Men’s tennis clinches second going into the conference tournament

The men’s tennis team picked up yet another conference win this past weekend. The Vikings dominated the match, winning 7-2 by not only monopolizing singles, but also doubles matches. Junior Cade Francour managed to have two shutouts during both of his singles matches. “My source of motivation has always been to perform well for the team,” said Francour reflecting on his performance, “but I also want to have fun and make the most of my athletics experience.” Francour not only swept his singles matches, but also won his doubles match with the help of his partner, junior Connor Maloney. “Connor and I have played together all season,” said Francour. “Being good friends and former roommates, our chemistry is generally quite good.” 

Success in sports comes in part from the bond between teammates and coaches, but a love for the sport is also absolutely necessary in order to be successful. Francour commented, “I love the camaraderie and friendship that we’ve developed as a team, as these relationships will likely last beyond college.” That’s the beauty of being a Division III athlete. The hard work that it takes to be a student-athlete is worth it because of the connections that are made while playing.  While Cade Francour was a star this past weekend, the team also pulled through with key wins in the right places. Head Coach Steve Francour reflected on this saying, “We had great success using our power against Ripon. Serving big and hitting massive returns allowed us to gain control of the point early in the rally. With early control of a rally, one gets chances to finish at the net or with their strength”. 

Success apparently runs in the Francour family, as Coach Francour just celebrated his 300th win as a coach. Coach Francour commented on this achievement, saying, “I wasn’t aware that I was getting to 300 wins. This is my 29th year of coaching, so wins as well as losses accumulate. For me, coaching is also about working with student-athletes and providing them with opportunities to play their sport at a high level.  To have had the chance to work with so many great kids over my career is a bigger deal than winning matches.” Coach Francour didn’t let up when expressing his pride for his team. “The team this year has been very clutch in the big moments,” Francour continued. “We have won three matches this year by a score of 5-4. [Sophomore] Evan Oriel had a tough match against Illinois College and came up huge against Cornell to clinch [a win] for us. We have an experienced group who has been through the demands of the conference for a couple of years. This experience helps them to know what to expect during competition. We have one first-year player, Cam Strawn, who has been very instrumental in solidifying the bottom of our lineup. He has improved with each practice and match. Everyone has had to move up in the lineup this year, so that has been a challenge [because] the 2018 squad was also very solid.”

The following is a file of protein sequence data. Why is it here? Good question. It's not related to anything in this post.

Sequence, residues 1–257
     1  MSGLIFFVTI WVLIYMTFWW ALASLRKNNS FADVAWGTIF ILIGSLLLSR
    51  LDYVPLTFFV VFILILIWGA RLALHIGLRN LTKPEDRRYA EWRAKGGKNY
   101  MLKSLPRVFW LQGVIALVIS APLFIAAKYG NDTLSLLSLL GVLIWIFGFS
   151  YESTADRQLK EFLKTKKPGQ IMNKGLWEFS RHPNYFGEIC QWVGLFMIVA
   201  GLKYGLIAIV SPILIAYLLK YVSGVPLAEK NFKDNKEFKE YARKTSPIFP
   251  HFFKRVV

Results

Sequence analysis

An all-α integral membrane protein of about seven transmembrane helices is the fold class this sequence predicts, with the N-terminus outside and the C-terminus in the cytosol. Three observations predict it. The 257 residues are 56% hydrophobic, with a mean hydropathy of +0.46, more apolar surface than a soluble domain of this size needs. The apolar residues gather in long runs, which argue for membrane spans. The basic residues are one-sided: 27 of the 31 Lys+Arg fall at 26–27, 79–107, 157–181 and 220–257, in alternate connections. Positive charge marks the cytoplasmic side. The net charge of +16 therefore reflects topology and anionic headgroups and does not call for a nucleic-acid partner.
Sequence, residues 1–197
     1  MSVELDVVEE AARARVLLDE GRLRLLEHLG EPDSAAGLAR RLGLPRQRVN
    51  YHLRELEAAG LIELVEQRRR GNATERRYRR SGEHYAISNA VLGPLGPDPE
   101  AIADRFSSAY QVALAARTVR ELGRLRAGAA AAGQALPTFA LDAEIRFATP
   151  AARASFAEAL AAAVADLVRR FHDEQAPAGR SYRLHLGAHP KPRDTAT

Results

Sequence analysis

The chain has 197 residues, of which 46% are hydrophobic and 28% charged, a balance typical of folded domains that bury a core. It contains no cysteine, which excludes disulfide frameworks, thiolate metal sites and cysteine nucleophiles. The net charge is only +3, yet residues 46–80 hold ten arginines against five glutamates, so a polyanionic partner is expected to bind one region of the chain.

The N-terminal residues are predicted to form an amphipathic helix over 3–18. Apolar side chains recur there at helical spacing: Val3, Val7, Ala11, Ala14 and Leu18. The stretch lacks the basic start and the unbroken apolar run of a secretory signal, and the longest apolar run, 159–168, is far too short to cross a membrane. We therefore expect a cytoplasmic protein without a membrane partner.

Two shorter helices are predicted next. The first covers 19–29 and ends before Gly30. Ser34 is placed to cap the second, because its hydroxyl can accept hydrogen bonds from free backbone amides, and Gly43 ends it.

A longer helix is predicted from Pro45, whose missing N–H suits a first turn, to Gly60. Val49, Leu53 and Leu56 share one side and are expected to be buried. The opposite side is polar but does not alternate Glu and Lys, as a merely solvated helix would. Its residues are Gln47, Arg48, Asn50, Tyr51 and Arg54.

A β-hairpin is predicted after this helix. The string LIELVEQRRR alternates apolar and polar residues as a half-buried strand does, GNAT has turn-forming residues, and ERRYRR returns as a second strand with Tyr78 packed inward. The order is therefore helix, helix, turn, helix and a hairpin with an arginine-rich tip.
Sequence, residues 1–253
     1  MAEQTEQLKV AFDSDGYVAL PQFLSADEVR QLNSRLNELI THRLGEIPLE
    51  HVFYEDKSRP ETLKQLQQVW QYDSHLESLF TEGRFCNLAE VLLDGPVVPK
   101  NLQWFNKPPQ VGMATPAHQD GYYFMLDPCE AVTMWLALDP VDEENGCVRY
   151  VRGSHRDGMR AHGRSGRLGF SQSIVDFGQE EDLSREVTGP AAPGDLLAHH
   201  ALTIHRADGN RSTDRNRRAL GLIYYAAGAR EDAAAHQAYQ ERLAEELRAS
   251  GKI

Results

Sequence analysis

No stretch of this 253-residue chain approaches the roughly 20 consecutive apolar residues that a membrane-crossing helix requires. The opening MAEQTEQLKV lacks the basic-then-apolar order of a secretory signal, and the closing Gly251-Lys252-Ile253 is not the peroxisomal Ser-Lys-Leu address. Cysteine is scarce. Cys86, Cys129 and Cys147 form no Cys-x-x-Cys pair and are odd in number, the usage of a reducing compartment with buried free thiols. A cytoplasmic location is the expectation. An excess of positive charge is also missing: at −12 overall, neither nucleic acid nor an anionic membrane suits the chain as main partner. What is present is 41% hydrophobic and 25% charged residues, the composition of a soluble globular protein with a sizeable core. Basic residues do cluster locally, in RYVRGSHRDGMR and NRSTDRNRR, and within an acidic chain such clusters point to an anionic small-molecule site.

Being a head coach is time-consuming and stressful, but Coach Francour loved boasting about the rewards of coaching, saying, “I like working with athletes and seeing them grow on and off the court.  The journey isn’t always easy, but that is what coaching is about.  When an athlete completes their career, you hope they have had fun, improved and enjoyed the college athlete experience.”

Because of this win over Ripon, the men’s tennis team has officially clinched the second seed in the Midwest Conference and is only two games behind Grinnell College. The team will head to their conference tournament on Friday, Apr. 26. The four-team conference tournament will consist of Grinnell College, Lawrence University, Lake Forest College and Cornell College. As second seed, Lawrence will start their conference tournament playing number three seed Lake Forest College at 10 a.m. in Madison, Wisconsin. Men’s tennis is the first sport of the spring season to head to their conference tournament. A win would set the tone for the other Lawrence spring sports as they continue to compete and get closer to their own conference tournaments.